How JustAnswer Works:
  • Ask an Expert
    Experts are full of valuable knowledge and are ready to help with any question. Credentials confirmed by a Fortune 500 verification firm.
  • Get a Professional Answer
    Via email, text message, or notification as you wait on our site.
    Ask follow up questions if you need to.
  • 100% Satisfaction Guarantee
    Rate the answer you receive.
Ask Dr. Pat Your Own Question
Dr. Pat
Dr. Pat, Bird Veterinarian
Category: Bird Veterinary
Satisfied Customers: 4244
Experience:  25+ years working primarily or exclusively with birds
21122637
Type Your Bird Veterinary Question Here...
Dr. Pat is online now
A new question is answered every 9 seconds

I have a Macaw 't know how old he is he was a rescue bird.

Customer Question

I have a Macaw don't know how old he is he was a rescue bird. he is blue and gold. he has been sneezing a lot and wheezing the wheezing is better and he has been eating and drinking until today he drank some water and ate a litlte at lunch
Submitted: 1 year ago.
Category: Bird Veterinary
Expert:  Dr. Pat replied 1 year ago.

​Greetings, I am Dr. Pat. I have worked with birds exclusively for many years.​

Sneezing in B&G can be related to severe respiratory infections, foreign material in the nostril, choana or sinuses, tumor, fungal growths, allergy, thyroid deficiency, humidity levels, nutritional deficits, toxicities, and other things. So the bot***** *****ne is that you and your vet need to sort out the possibilities then start on a treatment plan. That includes thorough health exam, good oral exam, testing, and even possible nasal flush with testing or biospy. It could be something very simple or something very difficult.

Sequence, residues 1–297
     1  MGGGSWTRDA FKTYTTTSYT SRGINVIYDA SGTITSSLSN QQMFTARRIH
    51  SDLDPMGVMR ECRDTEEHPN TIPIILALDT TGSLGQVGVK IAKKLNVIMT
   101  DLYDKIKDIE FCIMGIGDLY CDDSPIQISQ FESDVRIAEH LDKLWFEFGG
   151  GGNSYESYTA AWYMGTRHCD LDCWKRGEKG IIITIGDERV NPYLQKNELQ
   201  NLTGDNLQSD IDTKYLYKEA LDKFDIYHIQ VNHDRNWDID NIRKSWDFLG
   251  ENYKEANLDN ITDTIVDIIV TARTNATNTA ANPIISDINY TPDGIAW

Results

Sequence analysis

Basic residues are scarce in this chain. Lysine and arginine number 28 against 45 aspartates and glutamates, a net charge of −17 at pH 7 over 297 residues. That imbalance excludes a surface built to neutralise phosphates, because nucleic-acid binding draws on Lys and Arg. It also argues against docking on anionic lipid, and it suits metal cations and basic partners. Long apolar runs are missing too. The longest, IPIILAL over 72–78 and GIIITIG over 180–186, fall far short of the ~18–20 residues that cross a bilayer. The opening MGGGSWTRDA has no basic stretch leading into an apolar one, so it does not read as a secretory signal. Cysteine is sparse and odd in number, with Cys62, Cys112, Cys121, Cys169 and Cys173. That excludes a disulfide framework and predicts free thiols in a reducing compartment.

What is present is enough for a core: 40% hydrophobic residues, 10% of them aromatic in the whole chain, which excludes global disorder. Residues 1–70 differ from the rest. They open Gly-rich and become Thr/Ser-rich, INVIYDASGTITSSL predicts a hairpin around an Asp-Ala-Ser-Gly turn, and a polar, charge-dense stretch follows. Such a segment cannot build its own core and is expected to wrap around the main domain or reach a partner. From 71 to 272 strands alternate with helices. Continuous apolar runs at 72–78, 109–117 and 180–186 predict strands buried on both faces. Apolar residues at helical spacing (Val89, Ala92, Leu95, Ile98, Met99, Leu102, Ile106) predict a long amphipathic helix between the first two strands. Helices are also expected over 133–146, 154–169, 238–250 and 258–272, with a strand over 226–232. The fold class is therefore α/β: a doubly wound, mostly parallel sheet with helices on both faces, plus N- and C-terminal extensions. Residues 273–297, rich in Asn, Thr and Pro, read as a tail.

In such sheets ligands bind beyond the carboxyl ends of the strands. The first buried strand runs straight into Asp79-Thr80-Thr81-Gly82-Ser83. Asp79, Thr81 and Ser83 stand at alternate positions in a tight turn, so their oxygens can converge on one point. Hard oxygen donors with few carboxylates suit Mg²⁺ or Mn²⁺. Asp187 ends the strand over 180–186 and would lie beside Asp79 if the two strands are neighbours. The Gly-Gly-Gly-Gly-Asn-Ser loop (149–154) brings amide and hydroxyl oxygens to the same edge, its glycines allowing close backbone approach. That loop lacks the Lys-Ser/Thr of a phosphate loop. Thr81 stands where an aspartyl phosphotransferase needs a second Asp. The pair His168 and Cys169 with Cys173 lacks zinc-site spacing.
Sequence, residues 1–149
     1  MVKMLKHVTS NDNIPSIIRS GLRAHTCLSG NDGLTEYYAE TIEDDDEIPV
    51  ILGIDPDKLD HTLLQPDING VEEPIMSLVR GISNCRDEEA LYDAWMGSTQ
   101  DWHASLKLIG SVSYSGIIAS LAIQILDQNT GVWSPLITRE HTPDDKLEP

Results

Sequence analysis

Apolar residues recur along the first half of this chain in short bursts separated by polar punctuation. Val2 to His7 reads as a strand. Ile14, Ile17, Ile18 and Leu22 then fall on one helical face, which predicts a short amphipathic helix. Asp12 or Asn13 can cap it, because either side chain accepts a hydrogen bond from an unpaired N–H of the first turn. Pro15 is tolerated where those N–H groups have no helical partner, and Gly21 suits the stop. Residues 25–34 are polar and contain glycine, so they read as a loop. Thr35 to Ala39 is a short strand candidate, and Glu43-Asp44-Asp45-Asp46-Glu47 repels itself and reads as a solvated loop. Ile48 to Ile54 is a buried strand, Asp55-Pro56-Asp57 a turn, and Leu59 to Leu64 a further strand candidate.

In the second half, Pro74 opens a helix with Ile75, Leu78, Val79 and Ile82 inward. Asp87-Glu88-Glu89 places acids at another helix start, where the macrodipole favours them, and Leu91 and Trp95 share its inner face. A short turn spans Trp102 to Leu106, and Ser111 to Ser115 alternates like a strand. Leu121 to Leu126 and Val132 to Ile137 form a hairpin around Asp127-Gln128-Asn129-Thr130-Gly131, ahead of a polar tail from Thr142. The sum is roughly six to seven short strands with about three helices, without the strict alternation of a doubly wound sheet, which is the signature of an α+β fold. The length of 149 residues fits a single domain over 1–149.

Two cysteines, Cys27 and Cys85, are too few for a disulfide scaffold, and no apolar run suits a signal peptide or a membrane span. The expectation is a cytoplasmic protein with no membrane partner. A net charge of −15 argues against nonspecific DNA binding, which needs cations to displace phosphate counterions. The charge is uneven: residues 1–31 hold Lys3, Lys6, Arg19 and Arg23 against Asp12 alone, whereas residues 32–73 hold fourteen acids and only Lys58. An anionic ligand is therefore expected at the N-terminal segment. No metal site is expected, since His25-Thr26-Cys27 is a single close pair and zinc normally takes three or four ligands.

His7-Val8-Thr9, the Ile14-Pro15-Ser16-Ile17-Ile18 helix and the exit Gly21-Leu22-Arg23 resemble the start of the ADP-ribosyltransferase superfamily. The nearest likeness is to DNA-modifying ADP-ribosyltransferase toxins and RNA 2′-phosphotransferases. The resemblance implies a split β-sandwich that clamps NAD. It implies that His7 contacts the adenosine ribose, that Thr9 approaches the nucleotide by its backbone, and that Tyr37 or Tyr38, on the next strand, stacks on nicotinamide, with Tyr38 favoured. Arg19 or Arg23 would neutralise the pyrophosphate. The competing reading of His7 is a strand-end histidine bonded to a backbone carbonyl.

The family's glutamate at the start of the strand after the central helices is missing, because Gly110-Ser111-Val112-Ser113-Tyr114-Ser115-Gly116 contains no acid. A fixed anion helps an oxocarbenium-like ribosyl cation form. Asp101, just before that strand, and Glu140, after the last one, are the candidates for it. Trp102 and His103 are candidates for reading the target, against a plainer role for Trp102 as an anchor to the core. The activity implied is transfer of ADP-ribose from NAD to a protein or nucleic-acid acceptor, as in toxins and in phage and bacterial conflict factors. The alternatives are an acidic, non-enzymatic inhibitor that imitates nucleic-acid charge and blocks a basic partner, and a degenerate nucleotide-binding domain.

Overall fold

Can you upload a photo of his face and especially the nostrils?

Can you tell me more about the bird?​

How long has this been going on?

How long have you had him?

Any accidents or trauma?

Interactions with other birds/pets/children/guests?

What is the usual diet? has it changed recently?

Has the bird gotten into anything? Chewed electrical wires?

What is your geographic location and local weather?

These signs are of a very sick bird, and not specific to any one disease. And that means it is not fair to you or the bird to guess, there are so many possibilities.You are going to need local help on this, and a scientific and solid diagnosis to find safe and effective treatment.

The challenge is to find out exactly what is going on, since treatment will depend on careful and accurate diagnosis.

Without a diagnosis, I cannot recommend any particular course of treatment, except good nursing care at home.

If you feel comfortable with it, examine the bird thoroughly, using gentle restraint via washcloth or hand towel: do not restrict the chest or hold around the body. Check the eyes, nostrils, mouth and beak if possible, having a good look in there for mucus, redness, masses or anything else unusual. Palpate the tummy for pain, fluid, lumps or anything else (eggs, if female or unknown). Check all the joints for swelling, pain, and mobility. The feathers should be parted to view the skin, muscles and skeleton below; this can be done using a q-tip with isopropyl alcohol or KY gel. Look for bruising, lacerations, injured feathers.

Your job is to keep the bird warm, safe, quiet, and confined; and to provide adequate hydration and calories.